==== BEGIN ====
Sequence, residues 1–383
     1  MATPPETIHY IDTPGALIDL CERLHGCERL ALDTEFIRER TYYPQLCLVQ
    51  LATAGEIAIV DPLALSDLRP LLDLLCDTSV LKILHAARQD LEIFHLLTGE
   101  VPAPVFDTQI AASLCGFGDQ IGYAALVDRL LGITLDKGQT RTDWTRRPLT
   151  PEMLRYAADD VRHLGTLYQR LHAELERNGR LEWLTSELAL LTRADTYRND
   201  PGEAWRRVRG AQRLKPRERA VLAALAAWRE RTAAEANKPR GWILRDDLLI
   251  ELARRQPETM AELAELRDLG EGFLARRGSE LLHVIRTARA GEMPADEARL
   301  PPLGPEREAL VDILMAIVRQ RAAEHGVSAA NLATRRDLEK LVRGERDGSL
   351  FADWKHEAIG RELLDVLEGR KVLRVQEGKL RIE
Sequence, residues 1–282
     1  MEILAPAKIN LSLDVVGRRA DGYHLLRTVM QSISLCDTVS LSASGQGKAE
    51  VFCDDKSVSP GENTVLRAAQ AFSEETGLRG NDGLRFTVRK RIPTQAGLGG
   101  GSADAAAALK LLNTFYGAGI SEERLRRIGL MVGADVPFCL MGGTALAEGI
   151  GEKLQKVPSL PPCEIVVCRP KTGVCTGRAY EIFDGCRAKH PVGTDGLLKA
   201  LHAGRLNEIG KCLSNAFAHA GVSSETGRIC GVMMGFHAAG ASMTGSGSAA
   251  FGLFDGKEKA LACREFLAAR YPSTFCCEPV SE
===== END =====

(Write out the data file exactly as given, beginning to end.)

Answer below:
Sequence, residues 1–383
     1  MATPPETIHY IDTPGALIDL CERLHGCERL ALDTEFIRER TYYPQLCLVQ
    51  LATAGEIAIV DPLALSDLRP LLDLLCDTSV LKILHAARQD LEIFHLLTGE
   101  VPAPVFDTQI AASLCGFGDQ IGYAALVDRL LGITLDKGQT RTDWTRRPLT
   151  PEMLRYAADD VRHLGTLYQR LHAELERNGR LEWLTSELAL LTRADTYRND
   201  PGEAWRRVRG AQRLKPRERA VLAALAAWRE RTAAEANKPR GWILRDDLLI
   251  ELARRQPETM AELAELRDLG EGFLARRGSE LLHVIRTARA GEMPADEARL
   301  PPLGPEREAL VDILMAIVRQ RAAEHGVSAA NLATRRDLEK LVRGERDGSL
   351  FADWKHEAIG RELLDVLEGR KVLRVQEGKL RIE
Sequence, residues 1–282
     1  MEILAPAKIN LSLDVVGRRA DGYHLLRTVM QSISLCDTVS LSASGQGKAE
    51  VFCDDKSVSP GENTVLRAAQ AFSEETGLRG NDGLRFTVRK RIPTQAGLGG
   101  GSADAAAALK LLNTFYGAGI SEERLRRIGL MVGADVPFCL MGGTALAEGI
   151  GEKLQKVPSL PPCEIVVCRP KTGVCTGRAY EIFDGCRAKH PVGTDGLLKA
   201  LHAGRLNEIG KCLSNAFAHA GVSSETGRIC GVMMGFHAAG ASMTGSGSAA
   251  FGLFDGKEKA LACREFLAAR YPSTFCCEPV SE